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Jewish World Review May 25, 2000 /20 Iyar, 5760

Bruce Williams

Bruce Williams
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Consumer Reports


CDs for security, not investment -- DEAR BRUCE: In your column you continually say that mutual funds are much better than CDs, but isn't there a brokerage fee or percentage rate connected with these investments? I am not a savvy investor -- that's why I like my $10,000 CD, even though the return is very small. -- J.T., Las Vegas

DEAR J.T.: If you are satisfied with the very tiny return that the CD offers you in return for the security, so be it. However, there are mutual funds that you can purchase that are no-load, meaning no commission, although you will have to seek them out.

Why do you object to paying a small commission if your overall net return can be two or three times the return that you are receiving in the CDs? Granted, there are different levels of tolerance for risk, but it seems to me that most of us can afford to take some risk for a substantially higher return on our investment. CDs barely outpace inflation.

DEAR BRUCE: I wish I could tell you that I was a little old lady who didn't know any better, but I am a reasonably savvy adult woman who was too blind to see what my adult son was doing. Twice in the past year he has applied for credit cards in my name, using my Social Security number. He ran up the charges and then stopped making payments.

The first time it was such a shock that I borrowed money to pay off the $10,000 credit-card debt. Now just a few months later I have received another call about another large outstanding balance. My current husband advised me to ignore the calls.

I have contacted an attorney, and I have told my son that I will not pay these bills. I am concerned about my credit. Is there any way that I can assure that this doesn't happen again? -- G.J., e-mail

DEAR G.J.: To answer your last question first, I don't know how anyone can completely protect themselves from this type of abuse. Part of the problem is the proclivity for many credit-card companies to issue cards with only a cursory examination of the applicant. Having said that, simply advise the credit-card carrier that you will sign an affidavit of fraud and hold them civilly liable for any adverse credit information that may appear in your credit file, since none of this was any of your doing. I am sorry your son is such a deadbeat.

DEAR BRUCE: I am a pizza-franchise owner, and I wish to expand my business. I found an awesome site in an adjacent community, but the problem is that it was a gas station for over 30 years.

The state fire marshal's office does not require the tanks to be moved because they have not been in operation for many years, and because the tanks are not a regulated entity, the EPA does not require the tanks to be cleaned up unless they pose a health threat.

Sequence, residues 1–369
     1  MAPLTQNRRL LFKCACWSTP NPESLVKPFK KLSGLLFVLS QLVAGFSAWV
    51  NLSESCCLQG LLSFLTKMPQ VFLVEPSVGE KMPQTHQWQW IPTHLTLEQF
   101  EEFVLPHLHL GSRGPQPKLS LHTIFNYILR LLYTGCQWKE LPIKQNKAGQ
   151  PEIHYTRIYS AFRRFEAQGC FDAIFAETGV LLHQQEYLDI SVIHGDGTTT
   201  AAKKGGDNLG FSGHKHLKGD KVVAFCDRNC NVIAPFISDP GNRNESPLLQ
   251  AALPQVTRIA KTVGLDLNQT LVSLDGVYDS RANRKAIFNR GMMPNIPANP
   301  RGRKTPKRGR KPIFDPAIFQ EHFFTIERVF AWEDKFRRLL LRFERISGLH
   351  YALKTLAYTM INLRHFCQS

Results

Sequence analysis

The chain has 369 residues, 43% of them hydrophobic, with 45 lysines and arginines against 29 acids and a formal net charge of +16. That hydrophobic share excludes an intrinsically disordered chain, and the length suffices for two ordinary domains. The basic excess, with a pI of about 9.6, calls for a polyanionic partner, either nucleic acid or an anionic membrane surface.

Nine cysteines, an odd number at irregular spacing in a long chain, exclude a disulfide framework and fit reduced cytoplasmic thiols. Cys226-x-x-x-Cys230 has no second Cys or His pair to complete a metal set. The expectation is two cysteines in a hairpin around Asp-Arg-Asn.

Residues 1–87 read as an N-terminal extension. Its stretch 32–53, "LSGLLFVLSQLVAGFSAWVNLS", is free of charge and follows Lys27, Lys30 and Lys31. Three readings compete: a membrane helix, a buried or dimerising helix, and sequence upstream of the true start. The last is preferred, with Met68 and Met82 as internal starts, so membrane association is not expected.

My attorney prepared a purchase agreement with indemnification language relating to environmental issues. I have tried to get environmental insurance without success. Could I form a corporation that would own the land and building, or just the land, and then lease the property to my pizza corporation? Would this protect me? -- T.S., e-mail

DEAR T.S.: You are savvy to recognize the environmental concerns. Since the tanks were not used for over 30 years, the likelihood is that any possible pollution problem has been dissipated. Having said that, there is no way that I would ever want that property to be in my name.

Your attorney is the guy who has to answer the question about putting the property in a separate corporation with the land, not the building, as the only asset. The building would then be owned by another corporation, which would lease to you.

In the absence of insurance, I would be a bit nervous. You might wish to dig a hole and view the tanks to see if there is any obvious evidence of pollution. The difficulty with pollution problems is that, in most cases, there is no statute of limitations. Whoever has the deepest pockets in the ownership chain is going to be zapped if a problem arises, and the indemnification language in your contract may have little value unless the corporation or person offering these indemnifications is a substantial citizen.

This is strictly a matter of finding a legal way to distance yourself through one or two corporations from any potential liability. If I could not be persuaded that this could be done, I would take a bye, even though the location is, in your words, "awesome."

Send your questions to JWR contributor Bruce Williams by clicking here. (Questions of general interest will be answered in future columns. Owing to the volume of mail, personal replies cannot be provided.) Interested in buying or selling a house? Let Bruce Williams' "House Smart" be your guide. (Sales of the book help fund JWR).


05/24/00: Battling with collection agency
05/22/00: Are callable CDs a waste of time?
05/18/00: Building a college fund